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[whitespace] Due to the Devil

The SJ Symphony did right by Liszt's sprawling 'Faust Symphony'

By Scott MacClelland

NO COMPOSER in 19th-century Europe won success in his lifetime without paying the devil his due. Fortunately, Johann Wolfgang von Goethe supplied artists of all stripes the perfect diabolical vector with his fresh telling of the ancient Faust legend. The repertoire would be much the poorer without the Mephistophelian inspirations (and redemptions) of Schubert, Berlioz, Liszt, Schumann, Gounod and Boito, not to mention Beethoven, Wagner and Mahler.

Liszt paid the devil more than most. Notwithstanding a mammoth San Jose Symphony commitment last Friday to the Hungarian composer's A Faust Symphony, the 70-minute work seemed even longer than it is. While conductor Leonid Grin could have supercharged the performance with exaggerated tempo changes and dynamic contrasts, he would have done so at his peril. For all of his highly organized structures, the composer commits the sin of housing a $25 idea in a $50 package.

Nevertheless, the work bears important historic significance that, by occasional revival, adds valuable perspective to the musical currents of its time. Grin, therefore, did right by the sprawling, sometimes dawdling score. And so did his orchestra, whose most cherished moments occurred in the otherwise long-winded second movement, Gretchen, in which the naive virgin picks petals--"He loves me, he loves me not"--from a blossom that never seems to run out of them.

Oboe, bassoon, flute and clarinet solos were complemented by first-chair string players in a uniquely delicate garland that sets an intimate, lugubrious mood in which to unfold the blissed girl's melody. The origins of that mood go back to the first movement, Faust, which gives the "hero" a sinuous, sinister chromatic theme that describes a 12-tone row (evidently for the first time in a published work).

The Faust theme haunts the entire work with an ambivalence that robs it of any conventional sense of directionality and resolution (until a Chorus Mysticus is served up gratuitously at the very end). Despite the dodecaphonic innovation and skillful manipulation of forms, Liszt never delivers a convincing knockout punch.

Heroic outbursts in the first movement sound artificial, even cheap. In mocking the earlier Faust and Gretchen themes, the last movement, Mephistopheles, develops the most adventure, even though the protagonist never gets a tune he can call his own.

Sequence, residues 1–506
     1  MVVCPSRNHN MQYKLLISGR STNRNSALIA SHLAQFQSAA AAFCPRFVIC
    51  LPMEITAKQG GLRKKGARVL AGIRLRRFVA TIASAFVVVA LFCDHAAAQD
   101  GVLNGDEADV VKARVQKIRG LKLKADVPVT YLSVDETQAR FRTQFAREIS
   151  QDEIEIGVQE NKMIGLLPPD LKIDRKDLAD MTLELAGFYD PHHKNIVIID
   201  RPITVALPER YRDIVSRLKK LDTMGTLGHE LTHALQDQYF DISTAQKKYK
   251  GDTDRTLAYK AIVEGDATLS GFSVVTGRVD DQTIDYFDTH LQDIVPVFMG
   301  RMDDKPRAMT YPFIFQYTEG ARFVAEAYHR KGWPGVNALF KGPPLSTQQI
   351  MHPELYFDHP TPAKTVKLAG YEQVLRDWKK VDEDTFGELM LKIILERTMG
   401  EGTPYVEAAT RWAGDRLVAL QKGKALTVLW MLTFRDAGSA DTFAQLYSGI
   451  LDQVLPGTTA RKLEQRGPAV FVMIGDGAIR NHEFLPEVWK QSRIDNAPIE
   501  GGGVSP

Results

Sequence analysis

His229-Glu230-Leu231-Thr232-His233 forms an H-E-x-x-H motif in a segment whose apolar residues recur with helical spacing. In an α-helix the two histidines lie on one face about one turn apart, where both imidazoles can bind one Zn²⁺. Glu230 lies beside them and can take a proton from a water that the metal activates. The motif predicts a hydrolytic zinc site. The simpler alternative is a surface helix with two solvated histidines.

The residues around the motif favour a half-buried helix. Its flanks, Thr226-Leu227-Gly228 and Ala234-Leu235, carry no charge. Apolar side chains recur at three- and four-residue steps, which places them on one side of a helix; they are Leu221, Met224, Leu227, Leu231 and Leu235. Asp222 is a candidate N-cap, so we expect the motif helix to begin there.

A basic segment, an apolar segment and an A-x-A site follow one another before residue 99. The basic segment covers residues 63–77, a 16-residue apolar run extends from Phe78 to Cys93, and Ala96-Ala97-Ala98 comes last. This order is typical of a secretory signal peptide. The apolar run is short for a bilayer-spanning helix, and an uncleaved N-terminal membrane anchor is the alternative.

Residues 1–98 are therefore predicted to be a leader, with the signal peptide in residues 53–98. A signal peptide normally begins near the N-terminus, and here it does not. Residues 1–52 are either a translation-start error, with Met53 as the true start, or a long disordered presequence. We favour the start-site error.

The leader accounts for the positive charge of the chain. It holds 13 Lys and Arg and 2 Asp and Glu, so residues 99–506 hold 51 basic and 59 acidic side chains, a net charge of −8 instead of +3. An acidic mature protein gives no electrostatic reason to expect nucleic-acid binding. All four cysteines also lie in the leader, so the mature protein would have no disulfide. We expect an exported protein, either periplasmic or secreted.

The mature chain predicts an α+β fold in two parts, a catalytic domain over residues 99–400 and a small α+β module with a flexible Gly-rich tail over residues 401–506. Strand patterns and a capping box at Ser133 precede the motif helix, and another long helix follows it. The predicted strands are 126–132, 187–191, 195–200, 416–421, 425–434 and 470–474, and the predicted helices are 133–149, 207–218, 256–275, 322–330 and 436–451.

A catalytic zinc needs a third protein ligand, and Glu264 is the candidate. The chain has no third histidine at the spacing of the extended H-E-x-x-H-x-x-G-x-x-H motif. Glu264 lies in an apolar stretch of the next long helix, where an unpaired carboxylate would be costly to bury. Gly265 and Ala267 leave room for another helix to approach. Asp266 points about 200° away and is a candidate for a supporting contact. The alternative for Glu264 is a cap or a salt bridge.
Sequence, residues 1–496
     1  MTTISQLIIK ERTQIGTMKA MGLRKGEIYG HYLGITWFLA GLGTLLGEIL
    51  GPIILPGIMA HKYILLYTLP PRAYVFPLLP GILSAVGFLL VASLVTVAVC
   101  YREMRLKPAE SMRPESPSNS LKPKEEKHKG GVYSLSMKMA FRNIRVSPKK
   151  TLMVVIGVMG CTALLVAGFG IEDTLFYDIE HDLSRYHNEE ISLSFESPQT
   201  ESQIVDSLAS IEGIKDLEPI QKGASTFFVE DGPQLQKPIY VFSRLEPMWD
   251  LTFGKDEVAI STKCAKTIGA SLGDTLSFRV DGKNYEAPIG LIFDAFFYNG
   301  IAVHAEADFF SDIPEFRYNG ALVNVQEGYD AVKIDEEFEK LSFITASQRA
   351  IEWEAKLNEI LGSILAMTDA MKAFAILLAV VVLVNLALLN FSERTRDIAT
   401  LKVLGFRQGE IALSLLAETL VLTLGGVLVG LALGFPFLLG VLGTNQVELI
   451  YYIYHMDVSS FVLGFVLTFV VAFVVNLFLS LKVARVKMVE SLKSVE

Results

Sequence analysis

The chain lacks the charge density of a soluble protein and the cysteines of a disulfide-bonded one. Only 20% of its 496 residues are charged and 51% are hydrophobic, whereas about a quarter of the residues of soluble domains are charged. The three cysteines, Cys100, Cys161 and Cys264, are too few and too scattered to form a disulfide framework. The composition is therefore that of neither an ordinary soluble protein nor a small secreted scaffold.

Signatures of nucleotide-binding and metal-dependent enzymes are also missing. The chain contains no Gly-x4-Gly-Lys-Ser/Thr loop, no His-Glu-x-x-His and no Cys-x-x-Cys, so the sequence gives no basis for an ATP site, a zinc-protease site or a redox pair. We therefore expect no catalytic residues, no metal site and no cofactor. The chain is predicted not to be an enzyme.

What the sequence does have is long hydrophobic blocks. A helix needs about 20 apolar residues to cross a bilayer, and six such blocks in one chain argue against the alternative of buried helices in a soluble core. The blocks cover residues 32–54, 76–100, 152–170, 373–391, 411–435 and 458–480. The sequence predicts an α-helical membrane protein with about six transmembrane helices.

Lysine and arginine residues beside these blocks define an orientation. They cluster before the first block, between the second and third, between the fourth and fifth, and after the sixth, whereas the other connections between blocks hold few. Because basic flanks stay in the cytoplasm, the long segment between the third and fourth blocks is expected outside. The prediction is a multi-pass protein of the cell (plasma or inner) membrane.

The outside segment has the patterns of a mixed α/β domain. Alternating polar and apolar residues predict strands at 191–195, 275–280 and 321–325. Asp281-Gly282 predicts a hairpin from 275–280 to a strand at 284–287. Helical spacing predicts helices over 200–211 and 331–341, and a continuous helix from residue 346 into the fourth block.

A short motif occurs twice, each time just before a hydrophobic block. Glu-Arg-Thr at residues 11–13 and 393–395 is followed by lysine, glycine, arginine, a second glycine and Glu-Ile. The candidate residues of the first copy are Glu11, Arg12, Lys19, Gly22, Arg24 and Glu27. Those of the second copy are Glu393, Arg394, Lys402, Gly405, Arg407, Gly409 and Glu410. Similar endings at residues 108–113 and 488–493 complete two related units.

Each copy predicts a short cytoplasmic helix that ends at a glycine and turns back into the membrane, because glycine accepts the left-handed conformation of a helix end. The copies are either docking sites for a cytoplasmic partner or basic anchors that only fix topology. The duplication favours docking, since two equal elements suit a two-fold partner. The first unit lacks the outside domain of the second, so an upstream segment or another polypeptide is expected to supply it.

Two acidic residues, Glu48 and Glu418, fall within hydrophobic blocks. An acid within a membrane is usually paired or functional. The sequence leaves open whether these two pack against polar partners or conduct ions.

Men's choirs of Santa Clara and San Jose State University intoned the final, short verse, with tenor Keith Alexander bravely but handsomely asserting a few lines of his own. Most memorable, however, were the many instrumental solos that imparted real dignity to the inflated opus.

THE PROGRAM opened with a hilarious performance of Mozart's Concerto in C, K. 467. Belgrade-born pianist Aleksander Serdar proved that the work can survive all manner of mischief without damage. He assaulted the first movement like Beethoven in a snit, powering ahead of Grin and his orchestra at every turn and, with brilliant finger work, inflicting a clenched-jaw impatience from beginning to end.

Then came the ever-popular andante (made famous in the film Elvira Madigan). Here Serdar floated off into a reverie of ineffable magic, as sensitive as it was disingenuous, his mouth agape, his glassy gaze lifted to bathe in the wash of overhead spotlights. This was gorgeous piano-playing, exquisitely tasteful and completely insincere. Oscar Wilde would have loved it.

To their credit, the wind and string players did love it sincerely, without a hint of the pianist's guile. In the finale, Serdar exploited every repetitive passage for parody, using Mozart's own notes to make fun of Mozart. Sacrilege? On the contrary: Mozart invites it. In the right hands--these hands--it can sound utterly spontaneous and maddeningly, deliciously arch.

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From the October 26-November 1, 2000 issue of Metro, Silicon Valley's Weekly Newspaper.

Copyright © 2000 Metro Publishing Inc. Metroactive is affiliated with the Boulevards Network.

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